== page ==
By Alfa · Sep 27, 2004 ·
  1. Alfa

    LOUISVILLE - Undercover officers weren't expecting Michael Newby to
    interrupt the Jan. 3 drug bust that ended with Newby's fatal shooting,
    witnesses said yesterday in the murder trial of the detective charged
    in the killing.

    Louisville officers were waiting near a liquor store in western
    Louisville for a dealer whom the narcotics detective, McKenzie
    Mattingly, had contacted by phone that night. Some of the officers and
    two witnesses testified yesterday that while Mattingly was waiting in
    an undercover vehicle, he was approached by Newby and two other men
    who wanted to sell crack cocaine to him.

    Minutes later, Newby would be shot three times in the back. He died at
    a hospital the next morning.

    Newby, 19, was the seventh black man killed by Louisville police since
    1998, sparking weeks of protests of the department.

    Mattingly, who is white, was fired in April after the indictment. He
    was the first Louisville officer to be criminally charged in any of
    the shootings.

    "If you're here doing business, you need to do it with us," a witness,
    Matthew Gibson, heard one of the men tell Mattingly the night of the
    shooting. It wasn't clear if the man was Newby.

    Gibson and his twin brother, Mitch -- both civilians on a police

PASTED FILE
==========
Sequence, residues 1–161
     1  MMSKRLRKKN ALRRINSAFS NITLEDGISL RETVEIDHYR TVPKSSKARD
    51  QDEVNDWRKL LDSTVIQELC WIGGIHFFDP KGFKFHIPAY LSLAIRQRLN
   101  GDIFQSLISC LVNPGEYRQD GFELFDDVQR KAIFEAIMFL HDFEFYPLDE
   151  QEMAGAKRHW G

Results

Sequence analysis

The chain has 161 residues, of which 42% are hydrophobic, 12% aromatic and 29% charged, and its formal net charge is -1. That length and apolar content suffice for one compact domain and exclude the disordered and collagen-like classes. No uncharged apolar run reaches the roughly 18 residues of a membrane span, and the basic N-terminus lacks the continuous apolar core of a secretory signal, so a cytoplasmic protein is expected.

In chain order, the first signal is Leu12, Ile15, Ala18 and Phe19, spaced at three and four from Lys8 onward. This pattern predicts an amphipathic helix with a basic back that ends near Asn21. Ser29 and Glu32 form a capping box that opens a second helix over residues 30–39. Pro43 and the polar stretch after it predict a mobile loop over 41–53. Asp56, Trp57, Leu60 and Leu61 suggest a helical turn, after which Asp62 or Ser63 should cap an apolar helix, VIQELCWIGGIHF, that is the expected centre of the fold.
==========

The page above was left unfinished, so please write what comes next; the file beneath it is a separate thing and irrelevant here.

ride-along that night -- were listening along with police to the wire
    transmitter that Mattingly was wearing as he sat in an undercover vehicle.

    "They were overbearing," Matthew Gibson said of Newby and the two men,
    who continued to prod Mattingly to buy from them instead of the dealer
    he expected to meet.

    Mattingly was then robbed by one of the men who approached his car,
    and he got out and scuffled with Newby just before the shooting,
    witnesses said.

    But none of the witnesses who testified yesterday, including a handful
    of officers with Mattingly the night of the shooting, said they could
    see both Mattingly and Newby during the shooting. Mitch Gibson said he
    saw Mattingly raise his weapon and fire, but he said he could not see
    Newby from the car he was sitting in.

    Mattingly's attorneys have argued that Newby made a gesture that
    signaled to Mattingly that Newby was reaching for a weapon. Newby was
    carrying a .45-caliber handgun, some crack cocaine and marijuana the
    night of the shooting, police said.

    Prosecutors said Mattingly never mentioned that Newby had a gun, and
    officers didn't know Newby was armed until after he was shot.

    gly's attorney, Steve Schroering, has argued that Newby grabbed
    Mattingly's own gun while they struggled, causing Mattingly to fear
    for his life.

    The shooting shocked Mattingly, witnesses said yesterday.

    Kyle Willet, a detective who worked undercover with Mattingly, said
    his partner was "pale-faced, somewhat distraught and wide-eyed" after
    the shooting.

    Mattingly put his hands on top of his head and said "Oh my god," Mitch
    Gibson testified.

    The trial is expected to last another week.

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